'No Documents Needed For NPR, Nobody Will Be Declared Doubtful': Amit Shah In Rajya Sabha
On Amit Shah's statement, Kapil Sibal said, "It is not correct that the Home Minister is saying the government will not be asking for these documents, what is the use of this exercise then?"
Home Minister Amit Shah said on March 12 that no document is needed to be submitted for the National Population Register (NPR) and no one would be declared "D" (doubtful) if they failed to produce such papers.
"No document needs to be submitted. You can give whatever information you have and leave the other questions blank," Amit Shah said in the Rajya Sabha.
Kapil Sibal, Congress leader, questioned whether "D" would be removed. The Home Minister replied, "Let me say, now that we are sitting face to face... support us now. I say it clearly: First, no document will be asked for NPR. Second, any information that you don't have, you don't have to share that. And third, I say it on the floor of Rajya Sabha as Home Minister, nobody will be marked D."
He also asked the Leader of Opposition, Ghulam Nabi Azad of the Congress, to visit him along with other opposition leaders to clarify doubts on NPR.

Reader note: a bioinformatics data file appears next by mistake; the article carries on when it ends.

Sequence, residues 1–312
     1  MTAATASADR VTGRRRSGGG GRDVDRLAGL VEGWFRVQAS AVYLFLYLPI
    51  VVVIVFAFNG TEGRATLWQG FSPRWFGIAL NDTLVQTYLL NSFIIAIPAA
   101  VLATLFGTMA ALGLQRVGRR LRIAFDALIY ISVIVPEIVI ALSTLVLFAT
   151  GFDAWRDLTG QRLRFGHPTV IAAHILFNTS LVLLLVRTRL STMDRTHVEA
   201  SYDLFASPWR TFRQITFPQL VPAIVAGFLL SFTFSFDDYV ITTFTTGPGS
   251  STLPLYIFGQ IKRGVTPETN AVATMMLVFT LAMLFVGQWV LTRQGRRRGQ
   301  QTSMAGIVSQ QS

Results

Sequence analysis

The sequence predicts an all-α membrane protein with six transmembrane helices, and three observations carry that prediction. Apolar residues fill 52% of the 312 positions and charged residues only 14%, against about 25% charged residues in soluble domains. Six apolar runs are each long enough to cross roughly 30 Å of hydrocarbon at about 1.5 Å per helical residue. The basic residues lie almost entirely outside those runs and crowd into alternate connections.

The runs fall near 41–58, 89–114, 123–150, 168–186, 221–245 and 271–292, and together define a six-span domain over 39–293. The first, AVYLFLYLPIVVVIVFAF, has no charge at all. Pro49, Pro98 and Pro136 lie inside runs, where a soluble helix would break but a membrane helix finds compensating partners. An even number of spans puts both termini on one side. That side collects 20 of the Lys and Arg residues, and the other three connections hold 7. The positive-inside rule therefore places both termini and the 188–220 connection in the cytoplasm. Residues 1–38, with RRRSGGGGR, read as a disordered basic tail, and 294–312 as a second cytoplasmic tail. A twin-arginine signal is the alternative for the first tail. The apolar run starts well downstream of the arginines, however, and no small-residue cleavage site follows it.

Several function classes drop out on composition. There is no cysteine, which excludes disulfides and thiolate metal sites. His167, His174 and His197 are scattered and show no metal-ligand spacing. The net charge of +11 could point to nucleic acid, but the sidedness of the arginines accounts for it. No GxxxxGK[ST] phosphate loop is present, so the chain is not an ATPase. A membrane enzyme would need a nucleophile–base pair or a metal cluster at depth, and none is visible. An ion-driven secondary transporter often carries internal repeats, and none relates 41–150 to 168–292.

The Opposition was distrustful about the clarification.
"It is not correct that the Home Minister is saying the government will not be asking for these documents, what is the use of this exercise then?" Kapil Sibal questioned.
Several states have refused to carry out the NPR exercise, seen by many to be a precursor to the controversial National Register for Citizens (NRC), which has provoked protests nationwide along with the citizenship law CAA. These include Bihar, ruled by BJP ally Nitish Kumar, and Tamil Nadu, where another ally, AIADMK, is in power.
Those objecting to the Citizenship Amendment Act (CAA), NRC and NPR believe that a combination of the three will be used to leave thousands of Muslims stateless.
Trinamool Congress member Derek O Brien called the proposed nationwide CAA-NRC-NPR exercise as a "toxic combination" in the Rajya Sabha.
The NPR was carried out in 2010 as part of the census, but the latest forms have fueled massive anger and concern because of the need to prove an individual's parents' birthplace. Producing such documents is a tough ask for many.
There was also fear over reports that if people did not give answers to the NPR questions, houses would be marked "D".
The usual questions are on the type of house, the number of family members, source of electricity, whether the family has access to a toilet, the type of toilet, wastewater outlet, availability of a bathing facility, availability of kitchen and LPG/PNG connection and main fuel used for cooking.
In the 2020 NPR, there are eight additional data fields that ask one to furnish data and proof on the parents' birthplace and date of birth, a person's present and permanent address, mother tongue and nationality.